AffiliateFEST Session Summary: Compliance is “a good thing”

Compliance was one of the hot topics at last week’s massively successful AffiliateFEST event, with the overarching view from panelists being that it can in fact be a positive thing for the sector.

On a panel entitled ‘Panel Discussion: Regulatory Update – What is the affiliate opportunity?’, industry figures assessed what affiliates need to do to become more stringent in terms of their business models and marketing operations.

John Hagan, a partner at prestigious London-based gambling law firm Harris Hagan, claimed that a compliance focus is long overdue.

“As I explained, I’m a gambling regulatory lawyer, and we have a client in compliance that says “everything’s okay until it isn’t”, and a focus on the gambling sector and affiliates has been overdue and is a good thing,” he insisted.

“It’s not a bad thing to be focusing on compliant advertising by affiliates, socially responsible advertising by affiliates, not misleading consumers by failing to make them aware of significant terms, enabling informed choice, and the focus on all of these matters is all essential for the long-term sustainability of the industry. It will create an environment in which reputable affiliates will be able to thrive in the future.”

Fellow panelist Jade Zorab, Head of Corporate Development at SMP Partners, chimed in with the view that it all boils down to responsibility, while also arguing that the affiliate industry is often given too much of a rough ride.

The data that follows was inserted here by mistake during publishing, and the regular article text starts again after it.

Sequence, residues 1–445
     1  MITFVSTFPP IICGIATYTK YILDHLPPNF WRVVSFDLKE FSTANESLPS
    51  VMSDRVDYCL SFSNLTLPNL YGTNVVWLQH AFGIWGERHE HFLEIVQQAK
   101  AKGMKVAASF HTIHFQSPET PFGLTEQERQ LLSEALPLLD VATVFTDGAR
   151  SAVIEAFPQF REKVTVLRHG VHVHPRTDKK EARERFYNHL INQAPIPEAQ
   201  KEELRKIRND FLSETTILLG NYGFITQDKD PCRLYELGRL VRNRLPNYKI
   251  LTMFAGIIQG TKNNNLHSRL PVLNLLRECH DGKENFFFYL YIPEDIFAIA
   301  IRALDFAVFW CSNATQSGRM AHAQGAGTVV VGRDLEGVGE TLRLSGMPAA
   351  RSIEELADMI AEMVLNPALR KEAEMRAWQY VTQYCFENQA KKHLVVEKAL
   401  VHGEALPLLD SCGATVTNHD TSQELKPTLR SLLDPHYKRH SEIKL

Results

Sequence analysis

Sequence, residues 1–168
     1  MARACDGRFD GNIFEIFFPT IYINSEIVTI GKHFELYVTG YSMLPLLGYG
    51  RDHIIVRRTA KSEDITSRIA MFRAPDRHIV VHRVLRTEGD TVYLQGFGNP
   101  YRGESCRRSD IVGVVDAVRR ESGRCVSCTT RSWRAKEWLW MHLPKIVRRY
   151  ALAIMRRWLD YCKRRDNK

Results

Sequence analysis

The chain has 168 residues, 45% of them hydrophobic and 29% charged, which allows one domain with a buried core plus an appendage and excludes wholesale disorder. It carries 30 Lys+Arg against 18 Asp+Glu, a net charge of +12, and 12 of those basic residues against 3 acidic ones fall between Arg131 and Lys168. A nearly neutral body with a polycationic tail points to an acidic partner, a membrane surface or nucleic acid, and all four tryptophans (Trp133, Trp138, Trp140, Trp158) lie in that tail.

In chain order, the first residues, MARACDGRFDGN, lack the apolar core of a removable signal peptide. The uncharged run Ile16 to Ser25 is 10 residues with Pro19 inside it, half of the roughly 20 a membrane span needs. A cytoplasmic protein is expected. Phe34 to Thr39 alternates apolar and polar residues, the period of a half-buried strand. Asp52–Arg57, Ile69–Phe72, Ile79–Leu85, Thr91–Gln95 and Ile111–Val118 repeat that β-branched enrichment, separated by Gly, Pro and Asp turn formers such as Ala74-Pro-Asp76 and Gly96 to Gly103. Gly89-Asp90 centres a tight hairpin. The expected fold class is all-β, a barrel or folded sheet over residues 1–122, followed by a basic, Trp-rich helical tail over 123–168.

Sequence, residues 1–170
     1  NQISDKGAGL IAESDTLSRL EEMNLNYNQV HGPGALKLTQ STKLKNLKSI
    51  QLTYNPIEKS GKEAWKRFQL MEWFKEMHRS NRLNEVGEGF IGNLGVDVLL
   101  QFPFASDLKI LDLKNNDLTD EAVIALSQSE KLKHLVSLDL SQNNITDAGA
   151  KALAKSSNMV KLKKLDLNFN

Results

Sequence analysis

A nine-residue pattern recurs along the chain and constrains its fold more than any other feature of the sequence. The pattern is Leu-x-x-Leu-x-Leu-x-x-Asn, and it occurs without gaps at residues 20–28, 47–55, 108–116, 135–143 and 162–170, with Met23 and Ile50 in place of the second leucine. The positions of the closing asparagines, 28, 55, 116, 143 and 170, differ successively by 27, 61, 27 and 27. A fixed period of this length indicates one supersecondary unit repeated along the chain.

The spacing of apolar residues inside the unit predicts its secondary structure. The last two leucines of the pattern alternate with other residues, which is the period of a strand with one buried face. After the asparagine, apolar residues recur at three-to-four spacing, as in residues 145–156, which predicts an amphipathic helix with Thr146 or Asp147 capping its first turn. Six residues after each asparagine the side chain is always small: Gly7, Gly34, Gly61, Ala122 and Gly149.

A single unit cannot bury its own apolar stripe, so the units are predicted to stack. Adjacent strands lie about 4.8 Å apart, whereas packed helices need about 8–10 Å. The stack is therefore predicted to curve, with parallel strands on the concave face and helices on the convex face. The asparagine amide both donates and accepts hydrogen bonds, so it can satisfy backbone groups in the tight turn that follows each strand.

“It’s really difficult, because as an industry we all need to be responsible,” she began. “Whether we are the operator or the affiliate, it’s really important that there’s a shared knowledge and understanding that the operator takes the initiative to educate the affiliate sector on their responsibilities and what their requirements are.”      

Meanwhile third and final speaker Nick Nocton, a partner at gambling advisory firm Mischon de Reya LLP, offered some words of advice on how to be compliant.

“The best way to assist with a potential sale is to ensure that your systems can demonstrate compliance with the key obligations that you have, and that you have people internally who are cognisant of what you should be doing and should have been doing,” he expressed.

“Whether that’s the regulations that are applied directly to your business – say GDPR – or those that apply indirectly through your relationships with your operators – like the LCCP (licence conditions and codes of practice) for the UK or any other regulatory obligations that you may have.

“So, it helps to put some resources into it from an early stage. You’ve got to dedicate some time to getting your head around these obligations, as otherwise you’ll find either that you’re cut off by the operators on whom you rely, or you fail to adapt as you grow.”      

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